Guillaume Apollinaire (1880 - 1918)
Lil Michaelis (1911 - 1987)
Guillaume Apollinaire, Alcools (1986): cover

Guillaume Apollinaire's official name was Wilhelm Albert Wladimir Alexandre Apollinaire de Kostrowitzky. These names may indicate his Polish and aristocratic background, his fascinating poetry and personality remain a mystery. Even in the eyes of his friends Apollinaire was an elusive person: self-willed and non-conformist. The police arrested him on suspicion of complicity in the theft of 'La Gioconda' (Mona Lisa) and put him in the La Santé prison, an affair publicly known as 'l' Affaire Guillaume'.

The poet Apollinaire from Eau de vie to Alcools

Although Apollinaire spent only a few days in prison and was acquitted a year later, he called his imprisonment traumatic. He found comfort in reading the inscriptions that prisoners before him had carved into the walls. It made his detention bearable and inspired him to write poems. Between 7 and 11 September 1911 (he was released on the 12th) he worte six poems – one for each night – under the title 'A la Santé', which were published in Alcools (1913). Apollinaire had planned to give the volume, a collection of poems from 1898 to 1913, the title Eau de vie, but eventually he chose Alcools to emphasise the modernity of the collection. The title, which was direct and provocative for the time, referred to what Baudelaire wrote in Spleen de Paris : 'Always be drunk!' (‘Il faut toujours être ivre!’). No less provocative and innovative was the intentional omission of interpunction – apart from the exclamation mark – by which Apollinaire paved the way for free verse.

A hundred and one bibliophile women

In spite of the innovative character of the poems, this new edition of Alcools is conservative; the typography is functional and the illustrations are remarkably figuretive for an artist's book from 1986. The burgundy case with the title Alcools on the spine is stylish but sobre. Perhaps it was the wish of Les Cent Une, the publisher and commissioner of the book, to remain true to the spirit of the Fin-de-Siècle. Les Cent Une, Société de Femmes Bibliophiles was founded in Paris in 1926 was in fact the first society of female lovers of bibliophile books. Membership was restricted to a hundred and one princesses, baronesses, marchionesses, duchesses, countesses and wives of famous writers. They are mentioned in the membership list as Madame Paul Claudel, Madame André Maurois and Madame Paul Morand.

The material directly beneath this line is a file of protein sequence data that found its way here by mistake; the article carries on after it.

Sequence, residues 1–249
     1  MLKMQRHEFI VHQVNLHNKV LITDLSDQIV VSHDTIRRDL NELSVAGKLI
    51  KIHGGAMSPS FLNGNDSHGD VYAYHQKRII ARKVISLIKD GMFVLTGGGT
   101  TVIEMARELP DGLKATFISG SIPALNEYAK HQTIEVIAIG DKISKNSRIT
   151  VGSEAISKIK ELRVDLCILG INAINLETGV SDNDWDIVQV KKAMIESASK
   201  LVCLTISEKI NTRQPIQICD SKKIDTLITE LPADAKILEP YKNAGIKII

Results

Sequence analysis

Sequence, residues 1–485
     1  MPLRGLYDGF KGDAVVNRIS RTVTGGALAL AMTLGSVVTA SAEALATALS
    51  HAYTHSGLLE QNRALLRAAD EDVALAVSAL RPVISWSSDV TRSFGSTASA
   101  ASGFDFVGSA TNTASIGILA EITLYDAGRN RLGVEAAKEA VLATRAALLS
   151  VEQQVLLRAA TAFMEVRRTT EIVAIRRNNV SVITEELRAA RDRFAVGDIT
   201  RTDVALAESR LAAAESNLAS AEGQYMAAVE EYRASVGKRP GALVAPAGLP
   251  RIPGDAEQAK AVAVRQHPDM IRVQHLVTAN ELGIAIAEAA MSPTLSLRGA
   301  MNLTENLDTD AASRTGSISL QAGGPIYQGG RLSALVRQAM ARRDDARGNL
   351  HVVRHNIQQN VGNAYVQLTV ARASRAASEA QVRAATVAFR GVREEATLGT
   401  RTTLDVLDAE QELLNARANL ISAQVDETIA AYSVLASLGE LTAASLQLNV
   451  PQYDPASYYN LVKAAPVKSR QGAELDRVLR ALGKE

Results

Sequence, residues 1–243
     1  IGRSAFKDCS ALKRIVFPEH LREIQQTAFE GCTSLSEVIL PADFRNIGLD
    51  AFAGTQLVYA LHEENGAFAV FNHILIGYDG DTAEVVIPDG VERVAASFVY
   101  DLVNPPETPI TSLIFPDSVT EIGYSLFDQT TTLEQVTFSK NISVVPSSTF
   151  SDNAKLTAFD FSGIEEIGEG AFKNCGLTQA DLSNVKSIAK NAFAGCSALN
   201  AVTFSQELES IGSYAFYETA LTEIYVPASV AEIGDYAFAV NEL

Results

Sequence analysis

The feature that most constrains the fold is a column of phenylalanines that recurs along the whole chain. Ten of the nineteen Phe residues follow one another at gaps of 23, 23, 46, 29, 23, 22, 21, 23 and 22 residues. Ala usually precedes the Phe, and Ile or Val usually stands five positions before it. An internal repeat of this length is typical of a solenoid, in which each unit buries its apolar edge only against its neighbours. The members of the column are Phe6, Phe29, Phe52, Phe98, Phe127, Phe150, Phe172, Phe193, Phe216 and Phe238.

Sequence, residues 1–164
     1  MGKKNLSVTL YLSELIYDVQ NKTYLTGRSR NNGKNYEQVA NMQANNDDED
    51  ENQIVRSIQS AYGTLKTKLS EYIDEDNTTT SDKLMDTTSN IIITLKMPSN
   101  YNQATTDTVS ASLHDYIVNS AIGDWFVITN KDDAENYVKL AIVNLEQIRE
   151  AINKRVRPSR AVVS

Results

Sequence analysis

The publisher's vignette of Les Cent Une (a snake reading a book in a tree) shows that reading is not just a men's business. In a playful way, it gives a positive feminist edge to the biblical story of the Fall of men, in which Eve is tempted by the snake to taste the fruit of the Tree of the knowledge of good and evil.

Swan song: etchings by Lil Michaelis

It was obvious that a female artist should illustrate Apollinaire's poems. That way, the presence of women in his work was emphasised: a gypsy girl, the 'dame en robe d'ottoman' and Salomé. In the world of artist's books, Lil Michaelis was unknown. As an autodidact she predominantly made collages and paintings. Between 1950 and 1976 she studied with Stanley William Hayter, who taught her etching. Hayter, who among other things had caused a revival of etching as an autonomous form of art, gave students and artists like Michaelis (and Alechinsky) room to experiment in his Atelier 17 in Paris. It was not until ten years later that Michaelis used her talent for a 'livre d'artiste', when she was commissioned by Les Cent Unes. In spite of paralysis she made sixteen copper engravings that express the melancholy tone of Alcools, an artist's book that has been called Michaelis' swan song; it would be her first and last. She died a year after its publication

Bibliographical description

Alcools / Guillaume Apollinaire ; [gravures de Lil Michaelis]; – Paris: Les Cent Une, Société des Femmes Bibliophiles, 1986. - 198 p. : ill. ; 31 cm
Thierry Bouchard (Losne) (tekst); Georges Leblanc (Paris) (etchings)
This copy:
Number V of 127 copies on handmade Fleurac (Nersac) paper with the watermark of Les Cent Une, this copy printed for Madame Charles Le Tanneur. Signed by the artist, by the chairwoman, and by the deputy-chairwoman of Les Cent Une, Société de Femmes Bibliophiles
Pierre-Simon Fournier


  • Marcel Adéma, Guillaume Apollinaire: Souvenirs et témoignages inédits de Louis Gonzague Frick… [et al.]. Albi, Éditions de la Tête Noire, 1946
  • Pierre Brunel, Apollinaire entre deux mondes: Le contrepoint mythique dans «Alcools». Paris, Presses Universitaires de France, 1997
  • Laurence Campa, Michel Décaudin, Passion Apollinaire: La poésie en perte de vue. Paris, Textuel, 2004
  • Michel Décaudin, Relire "Alcools". Paris, Lettres Modernes, 1996
  • Michel Décaudin, 'Apollinaire', in: Dictionnaire de poésie de Baudelaire à nos jours. Paris, Presses universitaires de France, 2001, p. 16-23
  • Raymond Hesse, Le livre d'après guerre et les sociétés de bibliophiles 1918-1928. Paris, Grasset, 1929
  • Lil Michaelis, Lil Michaelis, 1911-1987: Collages, peintures, gravures de 1959 à 1987. Paris, Galerie Vieille du Temple, 1989